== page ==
Star Wars Cinematic Universe Retrospective: Star Wars: The Clone Wars

You remember, last week, when I said that at least we had something good to look forward to with the upcoming The Clone Wars movie? Well, I was fucking wrong.

I put a large part of that misremembering down to the fact that The Clone Wars TV series, for which this 2008 release is a set-up, is totally brilliant: I won’t spend too long espousing on it here (go read the article I wrote on it for my personal blog!), since this is, gruellingly, a cinematic universe retrospective, excelt to say this: The Clone Wars TV series alone is almost enough to justify the prequel trilogy, and where is my Ahsoka Tano movie you cowards, you fucking fiends. 

Anyway. The Clone Wars movie is really about moving all the pieces into place for the TV show to come – I watched the show before the movie, and honestly, had it been the other way around, I doubt I’d ever have given it a shot. I saw the movie for the first time in the warm fuzz after I first binged TCW show, and some of that goodwill carried over, but by God, it shouldn’t have.

The most significant thing The Clone Wars movie does is introduce us to Asohka Tano, a young Jedi who is assigned to Anakin as his padawan. Her lack of featuring role in Revenge of the Sith comes due to her retroactive addition to the story, but it’s a damn shame, because I still think that she’s such a vital foil for Anakin’s character development: if Obi-Wan is his father figure, then Ashoka is his daughter, and the responsibility, failure, and challenge posed by her has so much to do with the way his character arc unfolds that-

No, wait, that’s the TV series. In the movie, Ashoka is a textbook irritating child character, a clear and cynical attempt to appeal to the kids; what she becomes is so much better than what this movie portrays. Ahsoka (I can never remember where the H comes in that name, Christ) is one of my favourite characters of the whole Star Wars universe, but here, bloody hell, she makes Padme and Anakin look like the height of high-powered cinematic chemistry. Her “banter”, if it can be described that way, with Anakin is painfully strained, and even Matt Lantner, the voice behind this version of the iconic Skywalker, and his much-improved performance versus Hayden Christensen, can’t do much to imbue it with more depth. The Clone Wars seems to forget that, while a child character doesn’t have to have the maturity of an adult one, they can have a little more complexity than the agonisingly two-dimensional trashpile Ahsoka is lumped with in this outing.

Ahsoka joins Anakin and Obi-Wan on an interminable mission that draws them away from the actual Clone Wars of the title and to a optional side mission revolving around Jabba the Hutt, sort of. With the whole universe to explore, and the whole of the Clone Wars to draw on, the movie falls back on known planets and recognizable characters for the sake of simplicity and an easy sell. Did we need more Hutt action? Did we? I know I wasn’t straining for it.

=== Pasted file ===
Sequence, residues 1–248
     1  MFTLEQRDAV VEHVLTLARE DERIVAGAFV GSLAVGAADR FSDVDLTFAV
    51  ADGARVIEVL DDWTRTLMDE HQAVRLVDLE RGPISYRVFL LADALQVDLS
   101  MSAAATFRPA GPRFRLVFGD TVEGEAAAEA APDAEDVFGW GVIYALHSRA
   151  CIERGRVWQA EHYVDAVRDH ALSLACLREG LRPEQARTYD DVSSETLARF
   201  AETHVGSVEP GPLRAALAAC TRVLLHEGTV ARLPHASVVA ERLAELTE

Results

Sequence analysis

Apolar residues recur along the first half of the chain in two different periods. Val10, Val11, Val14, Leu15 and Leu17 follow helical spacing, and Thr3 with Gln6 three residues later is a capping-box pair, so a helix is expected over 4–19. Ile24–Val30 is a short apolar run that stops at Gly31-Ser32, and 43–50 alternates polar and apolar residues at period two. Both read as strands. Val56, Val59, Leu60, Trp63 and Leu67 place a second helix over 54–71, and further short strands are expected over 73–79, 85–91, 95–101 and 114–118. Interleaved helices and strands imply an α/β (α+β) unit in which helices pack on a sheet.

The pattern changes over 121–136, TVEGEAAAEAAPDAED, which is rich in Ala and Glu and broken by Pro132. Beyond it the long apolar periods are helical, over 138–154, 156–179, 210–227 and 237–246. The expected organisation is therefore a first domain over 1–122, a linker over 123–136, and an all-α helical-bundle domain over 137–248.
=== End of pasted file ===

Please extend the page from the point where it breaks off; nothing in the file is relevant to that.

And that’s just the actual plot and characters I’ve discussed so far: I’ve not even touched on the grinding awfulness of the animation. The film was roundly criticsed at the time of its release for the strange, ugly, and slightly disconcerting character design and animation style, and the whole thing looks like a haunted kid’s channel a la Candle Cove. The Clone Wars came out in 2008, and it feels distinctly like it’s bridging that gap between the hyper-real stuff or hyper-stylised stuff of present day animation, and the notably awful early-noughties stuff that looked instantly dated the moment it hit the screens. This version of Obi-Wan is basically five triangles arranged on top of one another; Ahsoka should be instantly eye-catching given that this is her introduction, but instead she looks like someone went a little wild with the pattern tool in Microsoft Paint.

So, The Clone Wars movie is ugly, boring, and vaguely annoying, the very worst of child-orientated cinema. I thought that this would be the exception to the prequel rule, but it seems I was too generous in my recollection. So let me leave you with this: forget the movie. If you want the truly compelling story that should have come from this era of the Star Wars universe, go check out The Clone Wars and its sequel, Rebels; it’s a mature, well-rounded, witty, entertaining storyline, and does more to explore Anakin as a character that any of the movies bother to even think about doing. But this set-up? This set up is bad enough that I’m surprised the whole project didn’t get scrapped before it so much had a chance to leave Tatooine in the first place.

If you enjoyed this article and want to see more stuff like it,  please check out our other cinematic universe retrospective – for the Marvel Cinematic Universe, the Jurassic Park movies, and the Batman cinematic universe. You can check out more of my work on my personal blog, The Cutprice Guignol!

By Louise MacGregor

(header image via Den of Geek)


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